Take the 2-minute tour ×
Theoretical Computer Science Stack Exchange is a question and answer site for theoretical computer scientists and researchers in related fields. It's 100% free, no registration required.

I've been playing around with resumptions lately, mostly from Abramsky's classic paper Retracing Some Paths in Process Algebra. They are quite slick (basically solutions to the domain equation $R = I \to (O \times R)$), and very reminiscent of Kahn networks.

Of course, this observation is not original to me --- they form a traced monoidal category, and this fact was used by Abramsky and Jagadeesan to give semantics to linear logic. At any rate, note that if you feed a resumption $r$ an input of type $I$, you get an output of type $O$ and an updated resumption $r'$, which is what lets you model the fact that a dataflow node can change as it sees inputs come in.

As a result, it seems like they could give a nice API for building I/O transducers in a higher-order language like ML or Haskell, but I can't seem to find any papers describing such a thing. But they've been around for decades, and Gordon Plotkin invented them, so it's not like they've languished in obscurity. So I was wondering if anyone had seen them put to such use.

share|improve this question
2  
As I was reading the question I thought to myself "I bet Neel will answer this one". –  Andrej Bauer Dec 1 '12 at 17:51
    
This might be a nice use-case for Eff-style opearations and handlers. –  Andrej Bauer Dec 1 '12 at 17:52
    
@AndrejBauer: I always think that for Neel's questions. –  Dave Clarke Dec 1 '12 at 22:04

2 Answers 2

up vote 7 down vote accepted

This looks a lot like the I/O API described by Felleisen et al in A Functional I/O System (or Fun for Freshman Kids). Basically, you write (in the simpler, non-distributed setting), a series of event handlers, each of which accepts the current state, and returns an updated state. Finally, there's a to-draw handler, which produces the "output" for each state.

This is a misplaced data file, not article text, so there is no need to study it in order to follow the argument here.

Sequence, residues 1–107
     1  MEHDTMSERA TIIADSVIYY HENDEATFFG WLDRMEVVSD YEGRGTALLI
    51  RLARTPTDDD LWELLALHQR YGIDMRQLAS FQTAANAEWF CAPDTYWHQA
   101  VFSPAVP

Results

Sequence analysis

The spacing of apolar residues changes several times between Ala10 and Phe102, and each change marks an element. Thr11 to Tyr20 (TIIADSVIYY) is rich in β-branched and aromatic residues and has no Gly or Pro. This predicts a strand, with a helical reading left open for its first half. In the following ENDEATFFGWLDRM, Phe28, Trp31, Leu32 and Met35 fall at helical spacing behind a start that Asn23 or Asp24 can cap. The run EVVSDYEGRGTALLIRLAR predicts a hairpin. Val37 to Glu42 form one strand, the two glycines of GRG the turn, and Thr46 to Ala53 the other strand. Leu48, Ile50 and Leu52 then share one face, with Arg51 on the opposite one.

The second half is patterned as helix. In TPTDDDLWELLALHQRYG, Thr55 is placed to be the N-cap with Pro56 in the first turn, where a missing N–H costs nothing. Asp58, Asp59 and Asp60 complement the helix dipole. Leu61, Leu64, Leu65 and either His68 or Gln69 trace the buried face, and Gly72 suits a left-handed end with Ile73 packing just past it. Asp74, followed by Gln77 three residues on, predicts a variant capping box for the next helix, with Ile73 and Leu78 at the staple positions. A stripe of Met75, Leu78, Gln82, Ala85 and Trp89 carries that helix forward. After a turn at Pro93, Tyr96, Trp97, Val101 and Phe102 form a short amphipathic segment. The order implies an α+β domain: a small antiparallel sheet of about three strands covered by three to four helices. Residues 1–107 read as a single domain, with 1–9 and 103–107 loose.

If we recast this API slightly, we can package up the handlers and the current state together, and each time a handler returns both a new state and a new set of handlers. We might call this package of state and operations an "object". :) If we then make the result a pair of this object, and the "output", then we have exactly the type of resumptions.

Interestingly, in the paper, Felleisen et al do exactly this when moving to the distributed setting -- every operation returns a pair of new state and "output" in the form of messages to be sent to the other participants in the system.

share|improve this answer
    
Thanks, that's a really good example. –  Neel Krishnaswami Nov 28 '12 at 9:41

Just came across this post.

Do go back to the early 1980s. Friedman et al @ Indiana invented the concept of 'engines' in the context of Scheme 84 (not Scheme 48). An engine is roughly an element of this type:

E = Unit x Nats -> E + O

You can also use I instead of Unit and the x Nats part is optional. You can think of these as a form of resumptions, and depending on context engines are more practical than resumptions.

share|improve this answer
1  
Thanks! Google found me Haynes and Friedman, "Abstracting Timed Preemption with Engines" (cs.indiana.edu/pub/techreports/TR178.pdf), and Dybvig and Hieb's "Engines from Continuations" (citeseerx.ist.psu.edu/viewdoc/summary?doi=10.1.1.64.6124) Are there any other refs I've missed? –  Neel Krishnaswami Dec 3 '12 at 9:53

Your Answer

 
discard

By posting your answer, you agree to the privacy policy and terms of service.

Not the answer you're looking for? Browse other questions tagged or ask your own question.